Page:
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These Googly-Eyed Garbage Gobblers Are Cleaning Our Waterways

Date: 02-Mar-17
Author: Alicia Jooste

Image Credit: National Geographic © Claire Bell

Image Credit: National Geographic

Meet Mr.Trash Wheel and Professor Trash Wheel, the anthropomorphic inventions keeping our waterways clean.

The success of Mr. Trash Wheel and Professor Trash Wheel on Baltimore’s harbour means the creative solution to trash in our waterways may soon be spreading to other cities.

The garbage gobblers, which are solar-and hydro-powered trash interceptors, have left Baltimore’s harbour cleaner than it has been in decades, with over one million pounds of trash being pulled out of the water since it was installed in May 2014.

The trash wheel’s creator, John Kellet, grew tired of walking past the copious amounts of garbage floating on the water every day. Being both a sailor and engineer, he approached the city council with an idea of how to clean the harbour.

The contraption works by drawing power from the installed solar panels and the current of Jones Falls River to help turn the waterwheels. Containment booms then direct the trash towards the conveyer belt that leads the trash into a dumpster.

The waste collected is predominantly consumer products, including a total of nine million cigarette butts and over 300,000 plastic bags.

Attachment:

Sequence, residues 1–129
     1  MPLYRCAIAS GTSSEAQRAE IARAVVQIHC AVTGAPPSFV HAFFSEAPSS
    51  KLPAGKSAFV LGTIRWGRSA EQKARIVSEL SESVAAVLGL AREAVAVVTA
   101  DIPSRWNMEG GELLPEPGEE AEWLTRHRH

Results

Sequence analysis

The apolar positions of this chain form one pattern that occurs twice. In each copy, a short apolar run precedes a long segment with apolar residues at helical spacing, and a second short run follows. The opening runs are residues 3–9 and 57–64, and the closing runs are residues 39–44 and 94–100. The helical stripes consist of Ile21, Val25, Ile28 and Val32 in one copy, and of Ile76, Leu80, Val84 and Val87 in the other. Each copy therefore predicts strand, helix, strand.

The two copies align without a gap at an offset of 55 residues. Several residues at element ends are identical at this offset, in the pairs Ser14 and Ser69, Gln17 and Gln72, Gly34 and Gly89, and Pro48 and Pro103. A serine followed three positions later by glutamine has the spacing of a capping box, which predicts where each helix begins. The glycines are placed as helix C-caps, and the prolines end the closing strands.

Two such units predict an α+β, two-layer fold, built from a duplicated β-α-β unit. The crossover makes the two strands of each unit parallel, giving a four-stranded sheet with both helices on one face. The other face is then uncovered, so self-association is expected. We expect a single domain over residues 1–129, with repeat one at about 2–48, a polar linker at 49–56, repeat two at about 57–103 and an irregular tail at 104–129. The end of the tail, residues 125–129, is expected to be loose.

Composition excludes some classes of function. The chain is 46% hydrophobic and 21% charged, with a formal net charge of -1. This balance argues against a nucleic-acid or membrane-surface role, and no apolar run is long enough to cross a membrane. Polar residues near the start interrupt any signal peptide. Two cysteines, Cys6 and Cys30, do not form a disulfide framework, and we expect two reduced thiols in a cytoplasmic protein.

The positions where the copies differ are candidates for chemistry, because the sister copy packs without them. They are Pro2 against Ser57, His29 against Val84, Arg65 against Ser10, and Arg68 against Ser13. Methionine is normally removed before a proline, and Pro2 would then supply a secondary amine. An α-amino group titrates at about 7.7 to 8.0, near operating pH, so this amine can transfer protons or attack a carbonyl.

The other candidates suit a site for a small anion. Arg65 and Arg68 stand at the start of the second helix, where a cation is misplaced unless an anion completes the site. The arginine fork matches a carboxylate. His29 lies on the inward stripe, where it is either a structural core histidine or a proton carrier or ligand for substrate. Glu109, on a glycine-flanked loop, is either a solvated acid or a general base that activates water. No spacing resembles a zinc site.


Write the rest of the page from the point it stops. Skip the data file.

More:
Kellett says “there is a misconception around where the trash comes from. Most people believe it comes from throwing things directly into water. Instead, it comes from litter thrown out of cars, illegal dumping, and cigarettes left on the ground, which when it rains is washed into the drainage system.”

The data collected is being used to support environmental legislation. For example, the Waterfront Partnership of Baltimore recently used similar information to support a bill that would ban Styrofoam containers.

Due to the machine being environmentally friendly and inexpensive, various countries are looking to deploy their own trash wheels, including waterways in Lombok, Indonesia, Panama City, Rio de Janeiro, Honolulu, Atlanta and Denver.

The trash eaters with their heart-warming eyes and internet personalities have brought a sense of humour to the environmental movement, which at times can become overwhelming.

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  1. National Geographic
  2. Good Morning Gloucester


Alicia                                            Jooste
Author: Alicia Jooste

Alicia worked at Planet Ark in 2016.

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